Laurel and Hardy made their first talkie in 1929 with Unaccustomed As We Are and, unlike many of their colleagues, discovered that sound improved the act. Hardy's blustery bass voice was a perfect foil to Laurel's squeaky English one; sound allowed them to place the more violent payoffs to their gags off-stage; and because sound made the slapstick more realistic, it forced them to make the gags smaller, letting the team concentrate instead on the comedy of anticipation and frustration, Laurel's forte.
In 1932, Laurel, Hardy, director James Parrott and a film crew drove out to the Silver Lake District of Los Angeles to a public staircase on Vendome Street and dared to ask that age old question, what if Sisyphus had had a partner. The answer not only provided Laurel and Hardy with the plot for one of their best comedy shorts ever, it also reiterated the comedy formula they followed with such success for most of their career together.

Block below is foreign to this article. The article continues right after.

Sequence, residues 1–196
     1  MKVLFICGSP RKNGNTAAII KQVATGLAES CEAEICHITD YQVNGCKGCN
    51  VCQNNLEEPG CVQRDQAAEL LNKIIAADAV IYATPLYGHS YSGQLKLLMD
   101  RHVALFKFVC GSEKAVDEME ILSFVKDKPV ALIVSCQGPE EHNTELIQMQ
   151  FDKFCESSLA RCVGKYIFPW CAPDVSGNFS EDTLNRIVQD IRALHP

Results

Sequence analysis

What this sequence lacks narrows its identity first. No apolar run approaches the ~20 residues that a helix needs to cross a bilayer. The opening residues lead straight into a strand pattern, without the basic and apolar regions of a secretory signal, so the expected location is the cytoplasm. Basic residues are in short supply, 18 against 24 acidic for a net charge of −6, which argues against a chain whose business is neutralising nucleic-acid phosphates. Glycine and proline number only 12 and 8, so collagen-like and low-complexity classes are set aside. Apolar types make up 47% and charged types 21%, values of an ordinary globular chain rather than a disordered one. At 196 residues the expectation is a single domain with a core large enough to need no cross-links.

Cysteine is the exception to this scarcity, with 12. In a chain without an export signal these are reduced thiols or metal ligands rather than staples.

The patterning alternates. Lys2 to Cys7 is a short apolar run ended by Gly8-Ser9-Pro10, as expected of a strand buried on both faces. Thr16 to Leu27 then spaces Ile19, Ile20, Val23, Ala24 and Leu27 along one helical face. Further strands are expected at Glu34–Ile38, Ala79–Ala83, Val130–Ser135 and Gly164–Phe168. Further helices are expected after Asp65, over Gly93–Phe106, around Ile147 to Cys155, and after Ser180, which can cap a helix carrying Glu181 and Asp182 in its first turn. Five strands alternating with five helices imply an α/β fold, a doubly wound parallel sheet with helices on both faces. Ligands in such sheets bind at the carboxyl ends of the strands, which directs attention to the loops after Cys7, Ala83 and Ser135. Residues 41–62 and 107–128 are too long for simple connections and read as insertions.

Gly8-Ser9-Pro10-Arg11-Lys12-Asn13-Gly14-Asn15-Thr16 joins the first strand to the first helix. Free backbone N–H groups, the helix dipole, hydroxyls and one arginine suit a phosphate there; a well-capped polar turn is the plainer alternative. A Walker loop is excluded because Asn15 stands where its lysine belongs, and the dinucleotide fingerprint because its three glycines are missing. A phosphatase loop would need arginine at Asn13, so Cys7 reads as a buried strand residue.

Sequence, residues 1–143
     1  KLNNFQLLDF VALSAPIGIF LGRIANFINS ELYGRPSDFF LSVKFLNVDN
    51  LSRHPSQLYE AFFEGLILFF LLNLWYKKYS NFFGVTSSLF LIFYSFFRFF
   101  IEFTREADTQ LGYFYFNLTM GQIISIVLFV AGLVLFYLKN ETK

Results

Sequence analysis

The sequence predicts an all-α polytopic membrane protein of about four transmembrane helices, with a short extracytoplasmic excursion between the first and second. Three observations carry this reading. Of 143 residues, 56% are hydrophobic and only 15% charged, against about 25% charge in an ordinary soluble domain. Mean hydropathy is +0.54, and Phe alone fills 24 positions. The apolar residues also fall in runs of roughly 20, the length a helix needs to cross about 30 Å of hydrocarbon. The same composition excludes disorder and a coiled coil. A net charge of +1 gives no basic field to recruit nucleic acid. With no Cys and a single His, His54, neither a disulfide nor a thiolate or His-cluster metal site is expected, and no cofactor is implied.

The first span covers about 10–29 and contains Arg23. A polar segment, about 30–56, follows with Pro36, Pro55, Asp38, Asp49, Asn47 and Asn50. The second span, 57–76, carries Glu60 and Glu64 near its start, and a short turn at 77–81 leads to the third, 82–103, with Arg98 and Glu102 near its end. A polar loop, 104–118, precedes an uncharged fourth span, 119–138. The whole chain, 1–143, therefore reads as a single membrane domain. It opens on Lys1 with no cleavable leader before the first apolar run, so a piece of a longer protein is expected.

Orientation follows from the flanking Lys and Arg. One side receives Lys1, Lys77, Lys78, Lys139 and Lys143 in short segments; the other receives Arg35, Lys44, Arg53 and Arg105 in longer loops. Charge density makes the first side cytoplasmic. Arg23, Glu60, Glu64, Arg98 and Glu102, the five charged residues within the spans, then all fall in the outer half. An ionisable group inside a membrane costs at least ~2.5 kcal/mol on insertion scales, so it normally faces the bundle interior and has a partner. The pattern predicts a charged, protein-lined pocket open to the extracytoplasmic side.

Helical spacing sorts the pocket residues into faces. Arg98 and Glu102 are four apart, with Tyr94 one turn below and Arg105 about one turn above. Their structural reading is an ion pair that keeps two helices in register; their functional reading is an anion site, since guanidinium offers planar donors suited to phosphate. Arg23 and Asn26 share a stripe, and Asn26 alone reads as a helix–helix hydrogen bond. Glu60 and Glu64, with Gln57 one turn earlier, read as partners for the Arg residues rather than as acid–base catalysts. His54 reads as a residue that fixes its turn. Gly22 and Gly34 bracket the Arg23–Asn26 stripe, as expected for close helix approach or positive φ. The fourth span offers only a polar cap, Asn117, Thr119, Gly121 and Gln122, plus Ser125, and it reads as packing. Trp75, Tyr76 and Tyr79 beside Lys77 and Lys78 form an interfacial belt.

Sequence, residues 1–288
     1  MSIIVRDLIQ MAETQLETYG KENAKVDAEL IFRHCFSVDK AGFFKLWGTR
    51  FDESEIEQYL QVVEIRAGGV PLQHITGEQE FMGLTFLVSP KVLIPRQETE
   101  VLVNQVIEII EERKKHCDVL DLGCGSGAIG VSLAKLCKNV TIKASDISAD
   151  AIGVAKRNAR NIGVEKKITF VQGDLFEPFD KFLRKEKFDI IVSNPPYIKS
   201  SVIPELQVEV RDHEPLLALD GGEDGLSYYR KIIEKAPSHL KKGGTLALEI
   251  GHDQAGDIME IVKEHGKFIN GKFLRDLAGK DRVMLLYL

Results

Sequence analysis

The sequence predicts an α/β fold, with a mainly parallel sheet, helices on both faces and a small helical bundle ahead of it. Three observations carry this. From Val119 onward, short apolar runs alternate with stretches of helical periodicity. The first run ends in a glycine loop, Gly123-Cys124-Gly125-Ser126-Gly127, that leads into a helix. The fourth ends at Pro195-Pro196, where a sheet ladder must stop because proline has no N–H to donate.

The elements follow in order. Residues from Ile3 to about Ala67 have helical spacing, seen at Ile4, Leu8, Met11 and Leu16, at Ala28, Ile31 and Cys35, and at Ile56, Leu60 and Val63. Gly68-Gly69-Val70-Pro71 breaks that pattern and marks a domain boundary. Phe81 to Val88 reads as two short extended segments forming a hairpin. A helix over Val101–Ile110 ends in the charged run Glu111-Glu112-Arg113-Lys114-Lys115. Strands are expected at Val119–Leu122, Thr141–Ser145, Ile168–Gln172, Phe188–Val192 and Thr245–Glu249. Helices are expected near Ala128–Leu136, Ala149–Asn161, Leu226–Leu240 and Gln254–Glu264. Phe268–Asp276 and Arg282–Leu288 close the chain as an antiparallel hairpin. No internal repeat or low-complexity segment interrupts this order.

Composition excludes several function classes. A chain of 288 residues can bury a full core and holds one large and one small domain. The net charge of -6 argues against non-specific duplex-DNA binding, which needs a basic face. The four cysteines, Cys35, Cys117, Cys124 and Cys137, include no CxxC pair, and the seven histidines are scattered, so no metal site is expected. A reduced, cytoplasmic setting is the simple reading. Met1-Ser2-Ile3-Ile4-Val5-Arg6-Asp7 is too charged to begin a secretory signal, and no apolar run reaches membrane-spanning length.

Watching The Music Box, unfortunately, isn't nearly as easy as it ought to be. The DVD collections that include it are out of print and even the usually reliable Netflix seems to have been caught napping on this one. I myself happened to have a copy on tape (although finding the tape was an adventure. You know how they say it's always in the last place you look—obviously, since you stop looking after that—well, The Music Box was literally in the first place I looked, the very first tape, except that because of the lighting and the angle and the way it was jammed into the bookcase, I wound up going through a thousand titles, first forward, then backwards, not once but twice, until to my chagrin, I returned to the beginning again. But I digress). But today is the maid's day off, the place is a mess, and I regret I can't be inviting you over to watch it with me.